4. Ask students to write a paragraph predicting the theme of the lesson using all of the words in the paragraph.


5. Allow volunteers to share their predictions.

6. After completing the lesson, ask the students to use the same words to write a summary paragraph.



Purposes: (1) set purposes for reading texts, (2) activate prior knowledge, and (3) help make connections with the text


1. Analyze material to be read. Select major ideas with which students will interact.

2. Write the ideas in short, clear declarative statements with some of the statements being true and some of the statements being false.

3. Put statements in a format that will elicit anticipation and prediction.

4. Discuss students’ anticipations and predictions before they read the text.

5. Students read the text to confirm or disconfirm their original responses. After reading, students revisit their predictions and modify, if necessary.


BEFORE READING                                                                AFTER READING

Agree Disagree                                                                      Agree Disagree

_____ _____ 1. Bats use their ears to help them see at night.      _____ _____

_____ _____ 2. The mudskipper is a fish that can climb a tree.    _____ _____



Purpose: (1) reflect on content of lesson

The exit-slip strategy requires students to write responses to questions you pose at the end of class. Exit slips help students reflect on what they have learned and express what or how they are thinking about the new information. Exit slips easily incorporate writing into your content area classroom and require students to think critically.

There are three categories of exit slips (Fisher & Frey, 2004):

Prompts that document learning,

o Ex. Write one thing you learned today.



Purposes: (1) make connections while reading and (2) actively engage in reading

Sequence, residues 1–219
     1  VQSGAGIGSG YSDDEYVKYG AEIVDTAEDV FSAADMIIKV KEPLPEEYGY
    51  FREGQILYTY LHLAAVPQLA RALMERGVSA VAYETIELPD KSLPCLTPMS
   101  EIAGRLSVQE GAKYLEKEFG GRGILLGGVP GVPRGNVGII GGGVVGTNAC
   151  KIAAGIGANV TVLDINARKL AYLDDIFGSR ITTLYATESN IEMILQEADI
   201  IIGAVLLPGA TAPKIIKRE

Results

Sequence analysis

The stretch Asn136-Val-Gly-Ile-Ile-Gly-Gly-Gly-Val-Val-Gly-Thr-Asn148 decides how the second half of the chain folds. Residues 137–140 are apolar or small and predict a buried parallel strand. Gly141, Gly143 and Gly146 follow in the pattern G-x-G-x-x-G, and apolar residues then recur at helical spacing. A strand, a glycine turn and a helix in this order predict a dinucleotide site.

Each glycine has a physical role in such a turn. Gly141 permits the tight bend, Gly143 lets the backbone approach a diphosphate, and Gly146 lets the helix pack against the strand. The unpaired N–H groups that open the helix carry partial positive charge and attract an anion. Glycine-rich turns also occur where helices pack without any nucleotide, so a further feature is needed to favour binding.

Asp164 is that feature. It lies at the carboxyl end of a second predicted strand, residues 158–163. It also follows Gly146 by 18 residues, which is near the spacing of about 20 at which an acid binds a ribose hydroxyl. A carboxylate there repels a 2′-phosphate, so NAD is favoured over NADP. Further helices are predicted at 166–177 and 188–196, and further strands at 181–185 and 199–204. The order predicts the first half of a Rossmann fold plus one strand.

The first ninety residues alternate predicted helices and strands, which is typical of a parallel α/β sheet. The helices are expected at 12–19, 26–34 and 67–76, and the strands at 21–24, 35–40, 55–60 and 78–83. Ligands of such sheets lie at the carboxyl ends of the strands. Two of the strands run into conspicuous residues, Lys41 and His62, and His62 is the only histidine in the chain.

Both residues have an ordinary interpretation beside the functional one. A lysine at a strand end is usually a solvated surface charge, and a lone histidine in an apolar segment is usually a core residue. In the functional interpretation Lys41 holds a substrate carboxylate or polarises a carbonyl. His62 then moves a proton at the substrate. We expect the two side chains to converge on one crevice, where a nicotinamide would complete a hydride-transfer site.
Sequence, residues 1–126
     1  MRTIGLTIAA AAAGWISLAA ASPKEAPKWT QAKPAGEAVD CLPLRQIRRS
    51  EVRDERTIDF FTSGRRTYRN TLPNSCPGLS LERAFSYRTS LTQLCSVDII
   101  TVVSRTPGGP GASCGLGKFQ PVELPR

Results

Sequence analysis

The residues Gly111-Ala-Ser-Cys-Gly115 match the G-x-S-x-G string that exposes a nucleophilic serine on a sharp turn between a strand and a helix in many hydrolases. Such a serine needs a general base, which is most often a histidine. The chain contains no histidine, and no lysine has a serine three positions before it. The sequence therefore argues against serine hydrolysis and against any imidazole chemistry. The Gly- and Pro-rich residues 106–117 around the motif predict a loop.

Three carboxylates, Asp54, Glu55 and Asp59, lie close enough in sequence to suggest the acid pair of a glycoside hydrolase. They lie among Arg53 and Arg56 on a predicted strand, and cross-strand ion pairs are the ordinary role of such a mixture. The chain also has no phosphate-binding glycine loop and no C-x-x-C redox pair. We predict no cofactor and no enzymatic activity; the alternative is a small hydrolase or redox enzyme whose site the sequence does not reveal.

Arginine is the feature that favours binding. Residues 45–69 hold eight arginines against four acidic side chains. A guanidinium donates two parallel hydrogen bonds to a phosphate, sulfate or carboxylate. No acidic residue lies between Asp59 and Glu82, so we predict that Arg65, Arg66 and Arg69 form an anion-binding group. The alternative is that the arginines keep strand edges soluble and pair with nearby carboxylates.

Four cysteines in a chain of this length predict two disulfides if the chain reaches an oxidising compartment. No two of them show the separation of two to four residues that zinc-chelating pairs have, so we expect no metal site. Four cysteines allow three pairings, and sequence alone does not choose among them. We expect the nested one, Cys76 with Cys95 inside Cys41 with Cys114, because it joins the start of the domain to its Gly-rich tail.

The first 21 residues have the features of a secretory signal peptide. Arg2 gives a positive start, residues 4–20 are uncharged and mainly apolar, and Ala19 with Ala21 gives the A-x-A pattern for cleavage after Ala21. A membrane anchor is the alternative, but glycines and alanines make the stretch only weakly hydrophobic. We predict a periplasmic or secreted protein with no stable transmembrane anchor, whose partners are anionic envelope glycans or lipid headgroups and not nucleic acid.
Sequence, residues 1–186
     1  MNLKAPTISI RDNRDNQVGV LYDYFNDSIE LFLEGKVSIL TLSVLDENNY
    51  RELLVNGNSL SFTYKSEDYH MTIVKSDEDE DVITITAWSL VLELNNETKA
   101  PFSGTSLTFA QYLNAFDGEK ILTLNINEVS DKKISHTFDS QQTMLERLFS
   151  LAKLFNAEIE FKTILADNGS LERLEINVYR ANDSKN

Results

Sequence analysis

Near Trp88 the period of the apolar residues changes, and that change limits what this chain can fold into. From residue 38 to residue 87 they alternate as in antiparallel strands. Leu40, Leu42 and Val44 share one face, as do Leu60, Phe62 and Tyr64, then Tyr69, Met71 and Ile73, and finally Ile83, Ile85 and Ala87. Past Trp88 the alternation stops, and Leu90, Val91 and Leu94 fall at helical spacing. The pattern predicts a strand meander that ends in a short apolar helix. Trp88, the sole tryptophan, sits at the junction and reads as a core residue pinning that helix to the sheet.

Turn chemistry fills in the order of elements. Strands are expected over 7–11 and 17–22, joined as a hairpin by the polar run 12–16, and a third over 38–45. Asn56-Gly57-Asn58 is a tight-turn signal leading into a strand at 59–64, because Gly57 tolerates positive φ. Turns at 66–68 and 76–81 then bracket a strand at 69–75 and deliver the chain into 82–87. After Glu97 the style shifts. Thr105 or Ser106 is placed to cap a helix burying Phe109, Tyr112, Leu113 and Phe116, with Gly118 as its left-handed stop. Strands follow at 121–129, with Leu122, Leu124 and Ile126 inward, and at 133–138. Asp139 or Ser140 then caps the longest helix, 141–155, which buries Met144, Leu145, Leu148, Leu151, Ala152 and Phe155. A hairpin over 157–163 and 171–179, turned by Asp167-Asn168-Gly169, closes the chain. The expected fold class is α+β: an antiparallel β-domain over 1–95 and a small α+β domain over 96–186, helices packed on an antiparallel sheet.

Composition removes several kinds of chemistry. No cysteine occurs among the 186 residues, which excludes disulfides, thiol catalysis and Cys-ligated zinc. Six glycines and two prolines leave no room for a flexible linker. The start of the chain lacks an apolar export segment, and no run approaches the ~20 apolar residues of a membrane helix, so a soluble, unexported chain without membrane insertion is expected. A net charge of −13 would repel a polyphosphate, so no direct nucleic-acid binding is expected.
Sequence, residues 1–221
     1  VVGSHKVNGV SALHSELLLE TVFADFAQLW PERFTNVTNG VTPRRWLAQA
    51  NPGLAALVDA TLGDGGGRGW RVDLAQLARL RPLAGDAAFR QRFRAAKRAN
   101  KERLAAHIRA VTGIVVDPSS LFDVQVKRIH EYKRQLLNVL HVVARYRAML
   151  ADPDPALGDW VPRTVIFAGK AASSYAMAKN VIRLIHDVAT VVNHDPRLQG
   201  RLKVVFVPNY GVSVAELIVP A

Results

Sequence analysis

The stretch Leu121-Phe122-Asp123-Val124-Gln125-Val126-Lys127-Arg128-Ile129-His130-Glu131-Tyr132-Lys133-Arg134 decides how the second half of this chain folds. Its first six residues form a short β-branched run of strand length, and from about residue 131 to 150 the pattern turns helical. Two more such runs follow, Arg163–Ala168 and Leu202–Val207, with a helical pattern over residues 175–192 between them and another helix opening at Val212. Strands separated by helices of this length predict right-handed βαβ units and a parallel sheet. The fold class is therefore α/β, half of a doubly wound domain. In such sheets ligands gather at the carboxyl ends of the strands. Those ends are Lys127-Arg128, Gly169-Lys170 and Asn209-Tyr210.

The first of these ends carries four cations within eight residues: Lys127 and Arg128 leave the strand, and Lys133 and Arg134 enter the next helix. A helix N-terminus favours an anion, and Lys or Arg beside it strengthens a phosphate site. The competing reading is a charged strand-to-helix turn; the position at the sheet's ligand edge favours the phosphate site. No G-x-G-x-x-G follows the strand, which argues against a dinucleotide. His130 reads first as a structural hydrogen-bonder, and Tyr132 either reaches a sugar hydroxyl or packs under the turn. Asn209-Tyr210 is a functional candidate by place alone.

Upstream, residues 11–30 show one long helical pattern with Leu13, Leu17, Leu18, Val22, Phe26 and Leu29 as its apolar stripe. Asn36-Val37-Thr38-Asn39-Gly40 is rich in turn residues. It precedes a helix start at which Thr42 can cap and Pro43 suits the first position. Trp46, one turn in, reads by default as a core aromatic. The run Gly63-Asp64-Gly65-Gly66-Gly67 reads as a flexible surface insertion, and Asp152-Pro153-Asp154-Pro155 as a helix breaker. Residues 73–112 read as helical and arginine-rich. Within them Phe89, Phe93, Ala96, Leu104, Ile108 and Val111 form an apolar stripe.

1. Using a think aloud (verbalizing your thoughts as you read), model for the students examples of making connections. These may include text-self, text-text, or text-world connections.

2. While reading aloud, demonstrate how to code a section of text that elicits a connection by using a sticky note, a code (T-S = text-self, T-T = text-text, T-W = text-world), and a few words to describe the connection.

3. Have the students work in small groups to read a short text and code the text. Have them share their ideas with the class.

4. Encourage the students to code the text using sticky notes to record their ideas and use these as a basis of small and large group discussions.


GIST (Generating Interactions between Schemata and Text)

Purposes: (1) reflect on the content of the lesson (2) summarize the text (3) differentiate between essential and non-essential information

Procedure: The task is to write a summary of the text in 20 words or less. The words capture the “gist” of the text.

1. Teacher models the process by drawing 20 blanks on the board.

2. Teacher thinks aloud as (s)he begins to complete the 20 blank summary.

3. Students work with a group or partner to complete a GIST for the next

chunk of text. Students will eventually be asked to create independent GISTs.



Purposes: This strategy can fit almost any purpose developed.


1. Teacher determines what topics will be placed on chart paper. 2. Chart paper is placed on walls around the room. 3. Teacher places students into groups of four. 4. Students begin at a designated chart. 5. They read the prompt, discuss with group, and respond directly on the chart. 6. After an allotted amount of time, students rotate to next chart. 7. Students read next prompt and previous recordings, and then record any new discoveries or discussion points. 8. Continue until each group has responded to each prompt. 9. Teacher shares information from charts and conversations heard while responding.

** This strategy can be modified by having the chart “carousel” to groups, rather than groups moving to chart.